The plot sounds straight out of a best-selling thriller or a Hollywood blockbuster. A group of leading international bankers gathered together in a secret, off-the-record meeting to coordinate the trajectory of major currencies. These actions were to be implemented for one main purpose — the destruction of the U.S. dollar.
At first glance, this may appear to be a new variant of a familiar conspiracy theory. Except that the so-called “Shanghai Accord” — an alleged gathering of central bankers coinciding with the G20 Summit in Shanghai on February 26 — does have an actual, honest-to-goodness precedent. Back in 1985, “finance ministers from the U.S., France, West Germany, Japan and the U.K. made a deal to jointly guide the dollar lower against the yen and the German mark.” The intention was to reflate the U.S. economy through dovish monetary policy.
Of course, the existence of secret meetings in the past do not prove that such events are occurring now. To be clear, there is no direct evidence linking key central bankers to the Shanghai Accord, which is claimed to be a campaign to shore up the Chinese economy.
However, there are interesting facts that one cannot ignore. On the day of the Shanghai Accord, neighboring Japan saw the Yen index drop 0.93%. Across the vast Eurasian landmass, the Euro currency index shed 0.8%. Later, the U.S. Dollar Index jumped 0.85%. Eventually, the former two currencies would rise 6.3% and 4.3%, respectively, whereas the dollar weakened by 5%.
What was peculiar was how thin the spread between the high and low range of movement among the three currencies was, measuring only 16%. Keep in mind that these are currencies traded in markets of completely different time zones. In addition, currency trading is highly volatile, and it is unusual to see such limits in movement variation.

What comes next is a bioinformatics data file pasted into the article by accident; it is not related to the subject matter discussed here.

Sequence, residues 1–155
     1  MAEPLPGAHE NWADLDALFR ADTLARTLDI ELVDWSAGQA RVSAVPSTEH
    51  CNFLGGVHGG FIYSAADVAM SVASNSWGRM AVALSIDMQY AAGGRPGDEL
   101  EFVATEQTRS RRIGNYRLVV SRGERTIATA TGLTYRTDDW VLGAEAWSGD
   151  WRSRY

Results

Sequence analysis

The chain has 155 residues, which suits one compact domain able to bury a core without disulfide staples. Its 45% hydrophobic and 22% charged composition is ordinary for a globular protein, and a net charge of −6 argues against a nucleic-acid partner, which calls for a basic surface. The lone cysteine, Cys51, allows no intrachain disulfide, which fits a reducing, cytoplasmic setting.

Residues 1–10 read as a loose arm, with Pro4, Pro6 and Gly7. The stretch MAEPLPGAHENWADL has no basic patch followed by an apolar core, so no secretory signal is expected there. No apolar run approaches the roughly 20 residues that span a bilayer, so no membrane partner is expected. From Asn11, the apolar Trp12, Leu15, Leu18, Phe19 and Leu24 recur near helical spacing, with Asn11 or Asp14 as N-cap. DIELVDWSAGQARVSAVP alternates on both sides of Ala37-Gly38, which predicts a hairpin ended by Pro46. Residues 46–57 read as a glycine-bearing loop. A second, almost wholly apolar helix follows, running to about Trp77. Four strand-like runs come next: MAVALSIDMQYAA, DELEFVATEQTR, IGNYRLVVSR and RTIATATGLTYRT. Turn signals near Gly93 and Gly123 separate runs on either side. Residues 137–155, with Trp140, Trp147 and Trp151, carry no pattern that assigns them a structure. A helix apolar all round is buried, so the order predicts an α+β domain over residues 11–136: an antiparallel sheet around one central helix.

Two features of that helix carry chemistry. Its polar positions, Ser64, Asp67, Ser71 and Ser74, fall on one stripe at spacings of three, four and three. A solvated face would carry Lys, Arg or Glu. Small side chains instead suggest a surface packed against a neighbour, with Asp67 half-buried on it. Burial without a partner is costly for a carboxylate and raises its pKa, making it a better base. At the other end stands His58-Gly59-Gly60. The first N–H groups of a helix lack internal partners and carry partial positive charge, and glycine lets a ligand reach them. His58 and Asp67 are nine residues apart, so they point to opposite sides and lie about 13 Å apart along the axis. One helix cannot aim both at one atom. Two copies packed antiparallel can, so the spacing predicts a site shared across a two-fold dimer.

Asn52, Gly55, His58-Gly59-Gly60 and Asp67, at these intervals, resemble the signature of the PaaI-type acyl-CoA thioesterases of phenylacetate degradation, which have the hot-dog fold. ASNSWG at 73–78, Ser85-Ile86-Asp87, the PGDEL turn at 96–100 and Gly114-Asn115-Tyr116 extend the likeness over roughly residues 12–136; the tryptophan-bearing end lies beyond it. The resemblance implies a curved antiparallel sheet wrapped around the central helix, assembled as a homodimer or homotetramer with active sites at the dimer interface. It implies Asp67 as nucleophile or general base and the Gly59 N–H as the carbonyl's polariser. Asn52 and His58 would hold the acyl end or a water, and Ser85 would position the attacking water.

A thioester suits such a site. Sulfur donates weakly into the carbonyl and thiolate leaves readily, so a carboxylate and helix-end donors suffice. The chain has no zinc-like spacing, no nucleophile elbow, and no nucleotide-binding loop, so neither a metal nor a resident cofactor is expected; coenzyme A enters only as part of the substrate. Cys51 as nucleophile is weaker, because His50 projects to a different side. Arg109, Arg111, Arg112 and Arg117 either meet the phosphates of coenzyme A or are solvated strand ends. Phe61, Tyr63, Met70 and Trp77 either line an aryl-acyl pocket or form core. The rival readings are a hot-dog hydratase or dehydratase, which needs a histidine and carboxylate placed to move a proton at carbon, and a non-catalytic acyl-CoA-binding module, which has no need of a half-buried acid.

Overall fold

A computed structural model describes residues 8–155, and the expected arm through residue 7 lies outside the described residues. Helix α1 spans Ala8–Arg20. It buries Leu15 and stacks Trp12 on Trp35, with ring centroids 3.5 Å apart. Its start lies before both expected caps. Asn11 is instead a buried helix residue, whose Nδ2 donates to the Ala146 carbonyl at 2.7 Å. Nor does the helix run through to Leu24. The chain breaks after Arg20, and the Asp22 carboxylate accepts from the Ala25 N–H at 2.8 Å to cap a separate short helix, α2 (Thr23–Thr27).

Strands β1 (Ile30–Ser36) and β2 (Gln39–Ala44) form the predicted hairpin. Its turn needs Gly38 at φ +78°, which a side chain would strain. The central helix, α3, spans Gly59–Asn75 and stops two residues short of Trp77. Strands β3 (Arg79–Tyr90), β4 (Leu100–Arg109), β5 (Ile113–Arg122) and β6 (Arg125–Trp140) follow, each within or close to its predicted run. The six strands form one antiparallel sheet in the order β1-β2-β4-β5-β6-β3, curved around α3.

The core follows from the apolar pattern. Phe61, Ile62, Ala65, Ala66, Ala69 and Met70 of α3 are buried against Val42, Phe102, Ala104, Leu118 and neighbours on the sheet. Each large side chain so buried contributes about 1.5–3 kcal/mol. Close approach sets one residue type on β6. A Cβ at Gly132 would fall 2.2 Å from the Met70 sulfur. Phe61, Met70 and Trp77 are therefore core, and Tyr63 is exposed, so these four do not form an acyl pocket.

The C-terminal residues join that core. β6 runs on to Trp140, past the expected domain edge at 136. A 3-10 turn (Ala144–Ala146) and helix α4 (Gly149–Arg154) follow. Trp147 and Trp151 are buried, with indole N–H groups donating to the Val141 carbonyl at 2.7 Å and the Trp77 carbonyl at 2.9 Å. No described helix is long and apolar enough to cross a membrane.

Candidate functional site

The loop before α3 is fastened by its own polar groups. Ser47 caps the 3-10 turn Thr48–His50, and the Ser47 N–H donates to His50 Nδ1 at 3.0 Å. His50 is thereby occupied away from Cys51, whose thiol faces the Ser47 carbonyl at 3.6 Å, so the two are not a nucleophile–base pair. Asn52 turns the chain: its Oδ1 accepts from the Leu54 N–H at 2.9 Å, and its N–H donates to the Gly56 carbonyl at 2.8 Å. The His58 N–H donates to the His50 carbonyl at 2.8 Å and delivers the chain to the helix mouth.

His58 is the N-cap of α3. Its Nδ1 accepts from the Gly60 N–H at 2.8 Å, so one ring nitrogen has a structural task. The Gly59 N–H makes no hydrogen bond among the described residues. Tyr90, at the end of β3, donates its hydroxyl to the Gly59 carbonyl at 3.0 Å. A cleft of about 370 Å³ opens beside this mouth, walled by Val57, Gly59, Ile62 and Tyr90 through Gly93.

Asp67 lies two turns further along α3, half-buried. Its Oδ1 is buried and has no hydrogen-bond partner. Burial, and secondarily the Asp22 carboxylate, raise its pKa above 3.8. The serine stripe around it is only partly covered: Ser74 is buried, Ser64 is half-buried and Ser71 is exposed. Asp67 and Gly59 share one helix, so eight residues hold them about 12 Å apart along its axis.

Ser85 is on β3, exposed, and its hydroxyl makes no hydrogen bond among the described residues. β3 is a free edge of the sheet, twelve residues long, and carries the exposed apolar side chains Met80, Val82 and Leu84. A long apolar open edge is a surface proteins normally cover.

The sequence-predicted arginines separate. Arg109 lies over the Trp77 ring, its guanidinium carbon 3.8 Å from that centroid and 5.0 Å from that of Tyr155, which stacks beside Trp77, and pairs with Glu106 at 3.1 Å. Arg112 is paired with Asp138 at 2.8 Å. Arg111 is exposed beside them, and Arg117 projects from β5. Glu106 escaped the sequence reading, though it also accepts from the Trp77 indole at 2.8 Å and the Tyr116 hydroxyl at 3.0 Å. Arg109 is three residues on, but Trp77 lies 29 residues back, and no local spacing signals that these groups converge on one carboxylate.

For example, there was a major currency movement on February 3, where the U.S. dollar dropped 1.6% on the day. That resulted in the Euro index gaining 1.4%, whereas the Yen gained 1.2%. The difference in the spread is a relatively high 33%. Even more telling was December 3, 2015. The Euro index gained 2.55% on that day, whereas the Yen only saw a half-a-percent increase, and did not move much in the following session.
The takeaway here is that currency trading reflects different markets and economies — and can often be unpredictable even with major moves occurring in other parts of the globe. Yet on February 26, the day of the Shanghai Accord, there was an apparent synchronicity behind the trades. That’s certainly a shift away from normal trading patterns.
Yet does that prove the Shanghai Accord was real? There’s simply not enough evidence to conclude one way or the other. But the pressing issue may not be the secret meeting itself, but the message behind the meeting. Whether coordinated or not, the U.S. economy faces major hurdles. If not resolved successfully, that has terrible implications for the stability of the dollar.
Ultimately, market conditions — not central bankers — may be the greenback’s biggest threat.